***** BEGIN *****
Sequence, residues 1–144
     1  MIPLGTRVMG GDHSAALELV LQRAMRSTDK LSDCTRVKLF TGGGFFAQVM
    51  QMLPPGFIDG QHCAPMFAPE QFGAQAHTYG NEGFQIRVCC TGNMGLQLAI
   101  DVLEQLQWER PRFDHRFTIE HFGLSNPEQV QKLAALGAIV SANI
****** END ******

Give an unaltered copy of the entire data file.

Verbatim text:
Sequence, residues 1–144
     1  MIPLGTRVMG GDHSAALELV LQRAMRSTDK LSDCTRVKLF TGGGFFAQVM
    51  QMLPPGFIDG QHCAPMFAPE QFGAQAHTYG NEGFQIRVCC TGNMGLQLAI
   101  DVLEQLQWER PRFDHRFTIE HFGLSNPEQV QKLAALGAIV SANI